In the marine ecosystem the foregoing elementary account of the organic food cycle must be extended to take account of the significance of dissolved organic matter (DOM) in seawater. As mentioned earlier (see Section 4.3.3) an appreciable proportion of the products of photosynthesis become released from plant cells and soon appear in the water as DOM. Although some of this component of primary production may be reabsorbed by phytoplankton, much of it is rapidly taken up by planktonic bacteria. The importance of these bacteria in the organic food cycle of the sea has only recently been realized. The development of new nucleopore filters that can retain the smallest bacteria of 0.5 ¡m or less has shown that such free-living bacterioplankton are much more abundant in the water column than was previously thought (Hobbie and Williams, 1984).
These bacteria are thought to utilize the greater part of DOM as a nutrient source. By virtue of their small size and correspondingly large surface-to-volume ratio, the bacteria are well adapted to absorb nutrients at low concentrations. Some estimates suggest such direct uptake may account for up to 50 per cent of the total annual production of dissolved organic carbon (Andrews and Williams,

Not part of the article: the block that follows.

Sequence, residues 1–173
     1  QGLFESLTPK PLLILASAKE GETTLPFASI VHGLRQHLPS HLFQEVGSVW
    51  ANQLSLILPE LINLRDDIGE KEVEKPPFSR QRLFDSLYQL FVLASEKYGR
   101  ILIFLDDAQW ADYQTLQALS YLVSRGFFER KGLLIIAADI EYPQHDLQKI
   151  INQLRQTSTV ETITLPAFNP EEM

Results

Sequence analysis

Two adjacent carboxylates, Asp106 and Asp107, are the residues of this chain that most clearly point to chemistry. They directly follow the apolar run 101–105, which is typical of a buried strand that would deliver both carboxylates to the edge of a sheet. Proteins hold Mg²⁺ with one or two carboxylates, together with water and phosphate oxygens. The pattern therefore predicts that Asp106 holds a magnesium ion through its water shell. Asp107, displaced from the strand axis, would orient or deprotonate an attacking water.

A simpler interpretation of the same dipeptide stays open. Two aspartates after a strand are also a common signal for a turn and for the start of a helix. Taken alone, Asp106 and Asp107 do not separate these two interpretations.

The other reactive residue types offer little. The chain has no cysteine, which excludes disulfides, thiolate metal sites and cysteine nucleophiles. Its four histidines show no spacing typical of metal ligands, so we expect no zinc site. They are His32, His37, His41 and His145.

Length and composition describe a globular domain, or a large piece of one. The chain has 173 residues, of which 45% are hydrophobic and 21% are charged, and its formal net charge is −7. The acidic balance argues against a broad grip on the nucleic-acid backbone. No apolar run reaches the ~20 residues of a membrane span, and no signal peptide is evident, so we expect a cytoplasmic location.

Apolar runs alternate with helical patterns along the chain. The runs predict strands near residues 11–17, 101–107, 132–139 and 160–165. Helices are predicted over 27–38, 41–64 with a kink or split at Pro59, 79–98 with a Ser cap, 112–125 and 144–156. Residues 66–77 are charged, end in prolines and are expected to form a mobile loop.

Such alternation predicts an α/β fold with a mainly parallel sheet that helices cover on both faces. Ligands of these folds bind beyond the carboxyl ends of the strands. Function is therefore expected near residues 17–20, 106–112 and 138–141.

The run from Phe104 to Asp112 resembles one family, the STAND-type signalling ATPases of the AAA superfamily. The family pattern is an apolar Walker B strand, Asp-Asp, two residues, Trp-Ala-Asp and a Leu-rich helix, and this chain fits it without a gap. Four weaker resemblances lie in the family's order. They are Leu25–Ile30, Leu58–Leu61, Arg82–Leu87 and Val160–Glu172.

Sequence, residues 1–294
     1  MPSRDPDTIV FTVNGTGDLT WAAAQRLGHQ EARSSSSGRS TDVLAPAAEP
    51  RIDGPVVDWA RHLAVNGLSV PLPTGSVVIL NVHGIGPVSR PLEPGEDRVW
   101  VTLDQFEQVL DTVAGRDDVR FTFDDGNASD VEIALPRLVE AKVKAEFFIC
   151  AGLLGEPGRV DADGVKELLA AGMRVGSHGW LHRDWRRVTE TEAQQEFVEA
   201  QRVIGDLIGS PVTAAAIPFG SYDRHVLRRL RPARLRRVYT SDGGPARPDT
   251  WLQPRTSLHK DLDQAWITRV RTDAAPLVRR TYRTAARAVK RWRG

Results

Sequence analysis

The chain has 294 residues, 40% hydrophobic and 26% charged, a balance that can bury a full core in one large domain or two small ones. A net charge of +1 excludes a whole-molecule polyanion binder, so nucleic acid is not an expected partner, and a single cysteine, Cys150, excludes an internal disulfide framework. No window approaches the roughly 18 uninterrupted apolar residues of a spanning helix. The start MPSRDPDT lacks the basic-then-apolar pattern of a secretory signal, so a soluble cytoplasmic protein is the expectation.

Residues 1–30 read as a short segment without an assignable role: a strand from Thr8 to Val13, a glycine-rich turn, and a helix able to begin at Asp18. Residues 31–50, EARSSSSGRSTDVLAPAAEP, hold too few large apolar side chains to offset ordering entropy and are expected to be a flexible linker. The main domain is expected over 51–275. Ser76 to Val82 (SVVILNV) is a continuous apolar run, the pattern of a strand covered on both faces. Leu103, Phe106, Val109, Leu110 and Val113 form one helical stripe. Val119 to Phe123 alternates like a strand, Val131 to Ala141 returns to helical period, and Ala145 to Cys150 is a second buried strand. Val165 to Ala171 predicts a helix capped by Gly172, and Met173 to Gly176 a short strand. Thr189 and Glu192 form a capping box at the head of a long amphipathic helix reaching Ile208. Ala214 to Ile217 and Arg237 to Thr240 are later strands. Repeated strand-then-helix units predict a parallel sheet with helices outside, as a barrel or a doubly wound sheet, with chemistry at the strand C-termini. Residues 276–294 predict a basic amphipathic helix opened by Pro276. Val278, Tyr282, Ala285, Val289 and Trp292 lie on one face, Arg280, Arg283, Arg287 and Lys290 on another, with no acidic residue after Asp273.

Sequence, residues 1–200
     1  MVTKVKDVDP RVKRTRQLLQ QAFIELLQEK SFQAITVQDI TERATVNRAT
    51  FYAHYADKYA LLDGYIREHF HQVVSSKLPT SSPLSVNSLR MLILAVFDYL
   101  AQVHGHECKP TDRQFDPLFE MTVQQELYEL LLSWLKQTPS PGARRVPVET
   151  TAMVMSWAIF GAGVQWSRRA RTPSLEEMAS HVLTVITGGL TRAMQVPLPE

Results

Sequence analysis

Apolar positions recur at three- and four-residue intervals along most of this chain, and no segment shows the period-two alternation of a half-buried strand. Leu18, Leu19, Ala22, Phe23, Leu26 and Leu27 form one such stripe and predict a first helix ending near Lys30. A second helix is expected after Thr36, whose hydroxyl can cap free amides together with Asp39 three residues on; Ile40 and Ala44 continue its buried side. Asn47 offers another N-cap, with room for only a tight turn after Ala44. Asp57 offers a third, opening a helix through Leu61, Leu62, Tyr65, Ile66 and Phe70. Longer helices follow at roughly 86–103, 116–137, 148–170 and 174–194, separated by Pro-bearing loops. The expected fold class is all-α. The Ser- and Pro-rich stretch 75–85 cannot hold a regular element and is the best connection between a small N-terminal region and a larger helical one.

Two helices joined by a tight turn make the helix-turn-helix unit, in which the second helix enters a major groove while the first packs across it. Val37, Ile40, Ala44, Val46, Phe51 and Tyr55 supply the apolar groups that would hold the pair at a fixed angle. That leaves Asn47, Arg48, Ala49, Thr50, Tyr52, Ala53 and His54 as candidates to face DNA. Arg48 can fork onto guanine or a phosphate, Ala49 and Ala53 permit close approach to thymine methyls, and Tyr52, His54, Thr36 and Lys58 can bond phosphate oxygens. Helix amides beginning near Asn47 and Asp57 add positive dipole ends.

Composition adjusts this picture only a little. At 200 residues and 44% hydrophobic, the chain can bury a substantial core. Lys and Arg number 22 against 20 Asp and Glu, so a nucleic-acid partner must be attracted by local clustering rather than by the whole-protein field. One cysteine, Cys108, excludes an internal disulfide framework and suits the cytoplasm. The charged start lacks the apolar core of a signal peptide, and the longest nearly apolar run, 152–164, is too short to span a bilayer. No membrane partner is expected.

Figure 5.2 A simplified schematic illustration of the microbial loop (bacteria and protozoans) and how it fits in with the basic pelagic grazing
Figure 5.2 A simplified schematic illustration of the microbial loop (bacteria and protozoans) and how it fits in with the basic pelagic grazing food chain (phytoplankton to piscivorous fish). DOC is dissolved organic carbon (or dissolved organic matter). (From Lalli and Parsons (1997) by kind permission of Butterworth-Heinemann.)
1971). This uptake of DOM results in increased bacterial production which in turn is grazed by small pelagic protista, notably the smallest heterotrophic zooflagellates. These provide food for microzooplanktonts, probably chiefly ciliates and dinoflagellates, which are then preyed upon by other zooplanktonts. In this way a proportion of the energy from primary production released into the water as DOM eventually becomes returned to the main food-web several stages along a subsidiary food-chain known as the 'microbial loop' (Pomeroy, 1974).
The relationships are complex and not yet well understood. For example, some pigmented protista can ingest bacteria, thus obtaining energy both by photosynthesis and from bacterial protoplasm. Furthermore at each stage of this microbial food-chain, animal metabolism returns to the water some DOM as well as inorganic nitrogen and phosphorus compounds, thereby restoring to some extent the supply of major nutrients for photosynthetic organisms. This simplified account illustrates the intricacy of the 'microbial loop', which in recent years has become increasingly recognized as a significant part of marine food-webs.
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